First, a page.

8 Things You Learn From Freshman Year That Have Nothing To Do With What You Learn In Class

1. The days of being a bright shining honors student with excellent credentials are over.

Everyone got A’s in high school. Everyone was their newspaper’s editor, the spirit squad captain, or the founder of the Youth for Obama club. In college, none of this matters. You have to work hard to make a name for yourself and you have to study in ways you never have before to earn a 3.5 GPA. Your school doesn’t need you. They’ve got 20,000 other people who do it just like you and 10,000 who do it better.

2. Living with someone can make you love them, but can also be super weird.

Roommates often end up becoming your best friends because when you spend time with someone constantly, you learn to value their idiosyncrasies. That, however, is only the case for people who were already cool. If you get a total whack job of a dude sharing your bunk bed, you’re going to be spending a lot of time in the community lounge. It’s not always easy to be around other people, and most of us aren’t used to the intimate details of our lives being shared with strangers. But when you learn to appreciate these things, you form a bond with someone that makes them family.

3. Whatever you are, that’s ok.

College is one of the only opportunities in life to be unabashedly yourself. You can do cocaine, have sex in the library, or cry on the floor of your dorm’s lounge at 2 am, and no one will give a shit. Everyone is too busy focusing on their future or on the next person they’re matching with on Tinder to honestly consider your actions for more than a couple seconds. No one is watching your weak work-out at the gym or cares that you haven’t washed your hair in five days. The standards of living are just different on a college campus, but in an awesome way.

4. You are at the epicenter of a hub of cultural activities and the world is so much bigger than you ever could have imagined.

When you’re in college, it’s easy to watch Netflix all day and all night. But Gilmore Girls and The West Wing can only teach you so much about the world. The rest you have to experience for yourself. If you spend every free moment binge watching another critically acclaimed drama with a strong female lead, you’re going to miss out. There are people at your school from Brazil and Latvia and Rhode Island and they have perspectives and ideas about the world you never even considered. There are people who have experienced true poverty and oppression and turned their lives around in remarkable ways.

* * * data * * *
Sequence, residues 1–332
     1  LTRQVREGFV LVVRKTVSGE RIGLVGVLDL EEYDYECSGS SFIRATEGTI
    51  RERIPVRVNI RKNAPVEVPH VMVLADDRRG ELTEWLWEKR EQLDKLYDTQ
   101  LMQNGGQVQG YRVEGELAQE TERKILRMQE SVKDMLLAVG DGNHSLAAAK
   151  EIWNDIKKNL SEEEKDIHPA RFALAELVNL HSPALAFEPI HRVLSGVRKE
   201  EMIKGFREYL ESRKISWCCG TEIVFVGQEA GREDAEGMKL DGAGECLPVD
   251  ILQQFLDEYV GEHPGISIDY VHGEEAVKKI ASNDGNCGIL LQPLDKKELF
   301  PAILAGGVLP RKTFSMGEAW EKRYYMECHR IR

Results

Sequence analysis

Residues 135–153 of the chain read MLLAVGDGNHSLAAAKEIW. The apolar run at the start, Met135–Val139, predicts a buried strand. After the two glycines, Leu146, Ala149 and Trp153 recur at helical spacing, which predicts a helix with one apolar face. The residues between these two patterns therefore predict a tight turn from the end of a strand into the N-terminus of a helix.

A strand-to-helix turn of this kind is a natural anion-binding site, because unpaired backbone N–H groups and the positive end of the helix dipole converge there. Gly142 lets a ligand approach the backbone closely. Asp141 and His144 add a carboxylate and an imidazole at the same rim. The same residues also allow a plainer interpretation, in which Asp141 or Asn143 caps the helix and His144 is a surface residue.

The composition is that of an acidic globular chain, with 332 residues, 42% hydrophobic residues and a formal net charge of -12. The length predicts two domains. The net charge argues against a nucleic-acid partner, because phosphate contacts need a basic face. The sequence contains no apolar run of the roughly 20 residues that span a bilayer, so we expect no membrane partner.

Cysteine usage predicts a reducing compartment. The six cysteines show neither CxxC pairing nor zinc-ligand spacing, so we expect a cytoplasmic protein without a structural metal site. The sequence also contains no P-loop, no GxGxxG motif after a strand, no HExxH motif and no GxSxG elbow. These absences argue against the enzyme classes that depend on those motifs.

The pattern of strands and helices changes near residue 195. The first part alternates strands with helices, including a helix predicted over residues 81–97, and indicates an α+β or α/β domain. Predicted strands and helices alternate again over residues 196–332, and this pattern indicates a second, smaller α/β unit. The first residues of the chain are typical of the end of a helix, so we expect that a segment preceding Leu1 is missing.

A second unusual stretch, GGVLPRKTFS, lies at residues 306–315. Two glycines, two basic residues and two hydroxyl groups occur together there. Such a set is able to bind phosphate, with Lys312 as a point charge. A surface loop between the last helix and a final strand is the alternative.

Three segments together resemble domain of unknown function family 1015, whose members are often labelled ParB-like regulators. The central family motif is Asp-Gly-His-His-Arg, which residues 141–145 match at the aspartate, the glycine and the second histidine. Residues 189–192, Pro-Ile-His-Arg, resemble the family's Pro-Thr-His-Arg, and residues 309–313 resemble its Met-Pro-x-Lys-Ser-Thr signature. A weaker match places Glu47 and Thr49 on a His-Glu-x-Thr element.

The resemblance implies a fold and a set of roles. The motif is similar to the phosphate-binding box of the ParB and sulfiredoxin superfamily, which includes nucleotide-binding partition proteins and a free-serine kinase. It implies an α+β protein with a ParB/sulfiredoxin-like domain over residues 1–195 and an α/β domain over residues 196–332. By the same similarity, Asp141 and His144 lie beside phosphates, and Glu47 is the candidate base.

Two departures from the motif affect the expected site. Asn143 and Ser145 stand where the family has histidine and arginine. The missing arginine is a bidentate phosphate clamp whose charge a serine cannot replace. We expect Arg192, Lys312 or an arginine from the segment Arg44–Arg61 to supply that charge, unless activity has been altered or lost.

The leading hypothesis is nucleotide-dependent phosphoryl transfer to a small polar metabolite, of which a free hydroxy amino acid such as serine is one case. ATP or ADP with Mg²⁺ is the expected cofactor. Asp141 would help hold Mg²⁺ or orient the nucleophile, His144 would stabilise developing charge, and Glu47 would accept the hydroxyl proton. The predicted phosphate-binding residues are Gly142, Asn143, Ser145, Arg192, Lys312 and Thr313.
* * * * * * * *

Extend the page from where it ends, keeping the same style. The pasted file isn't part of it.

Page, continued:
5. Your life is only going to get harder, more complicated, and increasingly stressful from this moment on.

Every second you tell yourself you’ll get on track tomorrow, you’ll figure it out next week, or whatever future, tentative mindset you have is holding you back. What the really lies ahead is more refined competition and more intricate relationship and professional problems. You have to find a balance if you want to be sort of happy. Growing up means taking whatever is thrown at you and dealing with it while trying to still manage to go to $8 bottomless at the bar downtown that takes Pokémon cards as identification. You have to start prioritizing time and making honest decisions about your future when you get to college, because people are serious about their careers and they will be your bosses someday if you aren’t. But definitely still have fun because nobody does it right like a college town.

6. If you want to change the world, start a company, or build a resume, you have to do stuff.

Almost every college has study abroad programs, Greek life, politically affiliated groups, environmental extremism organizations, secret societies, and literally any other sort of establishment a 20-year-old on Adderall could imagine. Involvement culture fuels the CEOs of tomorrow. Nothing is as essential as communication and no skill will get you farther than being able to connect and get along with different kinds of people.

7. The “poor college student” is a very well-founded stereotype.

Being even somewhat financially independent while getting acclimated to a completely new freedom of life can really inspire erratic spending behavior. For example, you may have never even thought of the fact that at certain times of the evening after consuming certain beverages you might be overwhelmed with hunger and for some reason offer to pay for the food of anyone who agrees to drive you through Taco Bell. Learn to lower your standards of fine dining and luxury textiles. Everyone’s wearing Velcro sandals and t-shirts anyway, so don’t waste your money on a Michael Kors wallet. Again, no one cares.

8. Your lame hometown isn’t so bad.

No matter what kind of hellhole you grew up in, you’ll find yourself missing it at 1 am when your roommates lock you out of the bathroom and you have to walk down 5 flights of stairs in a pair of flip-flops that aren’t even yours just to pee in the middle of the night. There are things about home worth yearning for besides the convenience and availability of restrooms. Dining halls seemed like a great idea during your campus tour, but you will learn to want for nothing more than un-frozen salad bars and fruit that is soft enough to chew. You might also occasionally miss the solitude of your quiet bedroom, because you know, people in college are really excited to have sex all the time loudly and passionately and sometimes in the same room as other people. It’s easy to get caught up in the allure of university life, but you’re kidding yourself if you say you don’t miss your mom and dad. Thought Catalog Logo Mark

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